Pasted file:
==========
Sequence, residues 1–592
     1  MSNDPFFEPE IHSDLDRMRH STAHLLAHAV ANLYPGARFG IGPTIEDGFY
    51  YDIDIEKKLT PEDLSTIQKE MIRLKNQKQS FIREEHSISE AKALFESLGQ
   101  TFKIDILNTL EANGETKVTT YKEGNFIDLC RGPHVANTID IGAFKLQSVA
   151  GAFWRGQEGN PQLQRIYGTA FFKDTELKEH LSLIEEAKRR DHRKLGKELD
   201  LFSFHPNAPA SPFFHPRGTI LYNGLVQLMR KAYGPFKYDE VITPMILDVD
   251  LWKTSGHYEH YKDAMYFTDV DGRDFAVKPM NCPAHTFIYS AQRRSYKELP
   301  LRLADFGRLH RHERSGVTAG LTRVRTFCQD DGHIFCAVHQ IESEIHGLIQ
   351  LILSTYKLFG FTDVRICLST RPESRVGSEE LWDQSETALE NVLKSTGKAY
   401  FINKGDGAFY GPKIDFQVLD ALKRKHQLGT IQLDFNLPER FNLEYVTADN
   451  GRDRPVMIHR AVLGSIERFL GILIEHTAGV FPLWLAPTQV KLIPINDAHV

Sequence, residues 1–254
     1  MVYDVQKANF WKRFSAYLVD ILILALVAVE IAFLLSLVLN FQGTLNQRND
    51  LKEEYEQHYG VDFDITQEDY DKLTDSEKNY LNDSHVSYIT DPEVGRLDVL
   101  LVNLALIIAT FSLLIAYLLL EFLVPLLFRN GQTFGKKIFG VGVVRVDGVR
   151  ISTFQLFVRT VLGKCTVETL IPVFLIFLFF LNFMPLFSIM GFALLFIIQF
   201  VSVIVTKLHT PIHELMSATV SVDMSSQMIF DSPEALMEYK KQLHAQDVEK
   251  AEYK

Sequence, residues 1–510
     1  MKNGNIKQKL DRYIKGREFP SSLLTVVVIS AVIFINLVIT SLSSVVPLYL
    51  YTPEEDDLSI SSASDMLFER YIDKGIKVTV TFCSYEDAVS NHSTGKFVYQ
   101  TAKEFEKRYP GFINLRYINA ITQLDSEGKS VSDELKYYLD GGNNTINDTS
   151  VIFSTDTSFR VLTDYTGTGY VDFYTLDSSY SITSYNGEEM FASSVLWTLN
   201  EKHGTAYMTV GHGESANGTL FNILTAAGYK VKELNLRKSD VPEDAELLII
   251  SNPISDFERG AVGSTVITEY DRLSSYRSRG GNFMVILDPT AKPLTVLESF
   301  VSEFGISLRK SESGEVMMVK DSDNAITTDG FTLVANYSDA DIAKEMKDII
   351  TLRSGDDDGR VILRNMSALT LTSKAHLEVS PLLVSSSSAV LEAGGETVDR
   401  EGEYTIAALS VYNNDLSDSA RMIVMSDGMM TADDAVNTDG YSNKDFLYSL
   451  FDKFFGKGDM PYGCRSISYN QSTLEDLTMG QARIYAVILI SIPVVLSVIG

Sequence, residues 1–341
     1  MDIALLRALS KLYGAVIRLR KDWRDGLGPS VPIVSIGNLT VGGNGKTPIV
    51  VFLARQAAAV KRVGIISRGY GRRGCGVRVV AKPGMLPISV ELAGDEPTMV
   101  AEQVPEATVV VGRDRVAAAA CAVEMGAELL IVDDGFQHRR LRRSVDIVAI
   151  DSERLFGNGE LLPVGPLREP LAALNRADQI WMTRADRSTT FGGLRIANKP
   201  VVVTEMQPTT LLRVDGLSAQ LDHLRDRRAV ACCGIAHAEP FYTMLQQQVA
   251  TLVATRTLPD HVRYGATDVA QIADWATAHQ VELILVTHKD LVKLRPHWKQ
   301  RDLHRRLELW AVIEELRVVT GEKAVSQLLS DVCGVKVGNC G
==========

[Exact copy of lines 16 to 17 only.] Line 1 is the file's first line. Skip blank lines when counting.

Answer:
   151  ISTFQLFVRT VLGKCTVETL IPVFLIFLFF LNFMPLFSIM GFALLFIIQF
   201  VSVIVTKLHT PIHELMSATV SVDMSSQMIF DSPEALMEYK KQLHAQDVEK